Former first daughter Chelsea Clinton called for a ban on all sales of ivory at a Tiffany & Co. Foundation–hosted panel discussion, held on April 26 at Milk Studios in New York City.
“Ivory is the grease of the wheels of so many horrific trades, including traffic in drugs and traffic in people,” said Clinton (pictured), who currently serves as the vice chair of the Clinton Foundation. “I strongly believe that luxury- good companies have a role to play here. They have to spread the word that ivory is no longer acceptable, that it isn’t a status symbol. They have to let people know that ivory only comes from dead elephants. A lot of people think that ivory regenerates.”
She said that the United States needs to take a stronger stand on ivory trafficking.
“As Americans we have a real role to play here,” she said. “Ivory is still legal in a lot of areas. We are still a significant market for ivory. Millions of dollars in ivory are bought and sold here.”
Clinton made her remarks at a screening of the new film My Africa, which was made possible in part by funding from the Tiffany & Co. Foundation. The 10-minute virtual reality film, narrated by Lupita Nyong’o, is seen through the eyes of a young villager in Kenya. A trailer for the film can be seen here.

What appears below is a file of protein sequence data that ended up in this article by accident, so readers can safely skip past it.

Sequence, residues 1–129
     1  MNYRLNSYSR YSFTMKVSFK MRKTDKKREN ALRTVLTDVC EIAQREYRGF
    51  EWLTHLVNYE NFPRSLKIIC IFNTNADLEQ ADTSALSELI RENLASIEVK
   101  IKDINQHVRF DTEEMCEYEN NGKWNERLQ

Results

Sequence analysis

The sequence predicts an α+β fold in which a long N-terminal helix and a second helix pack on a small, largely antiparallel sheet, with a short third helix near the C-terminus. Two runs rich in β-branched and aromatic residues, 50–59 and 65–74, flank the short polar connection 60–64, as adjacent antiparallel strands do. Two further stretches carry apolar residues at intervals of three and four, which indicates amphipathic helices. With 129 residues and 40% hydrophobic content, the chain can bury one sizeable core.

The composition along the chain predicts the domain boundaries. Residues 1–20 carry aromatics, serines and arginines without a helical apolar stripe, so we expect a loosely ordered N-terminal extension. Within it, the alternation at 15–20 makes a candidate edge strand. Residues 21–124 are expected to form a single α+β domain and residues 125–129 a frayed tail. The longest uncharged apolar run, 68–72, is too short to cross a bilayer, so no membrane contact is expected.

Another panelist, Anisa Kamadoli Costa, the chairman and president of the Tiffany & Co. Foundation, said it was important for Tiffany to fund conservation-minded films like My Africa since the “materials that we use all come from the Earth. We feel like we have a moral imperative to take care of the environment.”
Also on the panel were Sammy Leseita Lemoonga, chief operating officer of the Reteti Elephant Sanctuary in Kenya, and Dr. M. Sanjayan, the CEO of Conservation International, which also underwrote the film.
Images courtesy of Tiffany & Co.